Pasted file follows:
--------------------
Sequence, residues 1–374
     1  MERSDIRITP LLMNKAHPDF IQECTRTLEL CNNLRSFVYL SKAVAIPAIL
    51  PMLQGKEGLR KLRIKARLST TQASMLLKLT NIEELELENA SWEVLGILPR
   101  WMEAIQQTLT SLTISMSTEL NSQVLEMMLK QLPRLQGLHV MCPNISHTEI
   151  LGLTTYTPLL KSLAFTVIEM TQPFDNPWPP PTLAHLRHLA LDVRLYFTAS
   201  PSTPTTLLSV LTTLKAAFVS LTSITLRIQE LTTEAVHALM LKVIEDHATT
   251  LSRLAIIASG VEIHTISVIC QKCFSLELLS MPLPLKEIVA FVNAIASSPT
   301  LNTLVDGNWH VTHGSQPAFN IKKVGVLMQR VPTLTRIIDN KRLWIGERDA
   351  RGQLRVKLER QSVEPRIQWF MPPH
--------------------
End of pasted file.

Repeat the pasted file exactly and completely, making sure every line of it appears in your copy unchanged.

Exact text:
Sequence, residues 1–374
     1  MERSDIRITP LLMNKAHPDF IQECTRTLEL CNNLRSFVYL SKAVAIPAIL
    51  PMLQGKEGLR KLRIKARLST TQASMLLKLT NIEELELENA SWEVLGILPR
   101  WMEAIQQTLT SLTISMSTEL NSQVLEMMLK QLPRLQGLHV MCPNISHTEI
   151  LGLTTYTPLL KSLAFTVIEM TQPFDNPWPP PTLAHLRHLA LDVRLYFTAS
   201  PSTPTTLLSV LTTLKAAFVS LTSITLRIQE LTTEAVHALM LKVIEDHATT
   251  LSRLAIIASG VEIHTISVIC QKCFSLELLS MPLPLKEIVA FVNAIASSPT
   301  LNTLVDGNWH VTHGSQPAFN IKKVGVLMQR VPTLTRIIDN KRLWIGERDA
   351  RGQLRVKLER QSVEPRIQWF MPPH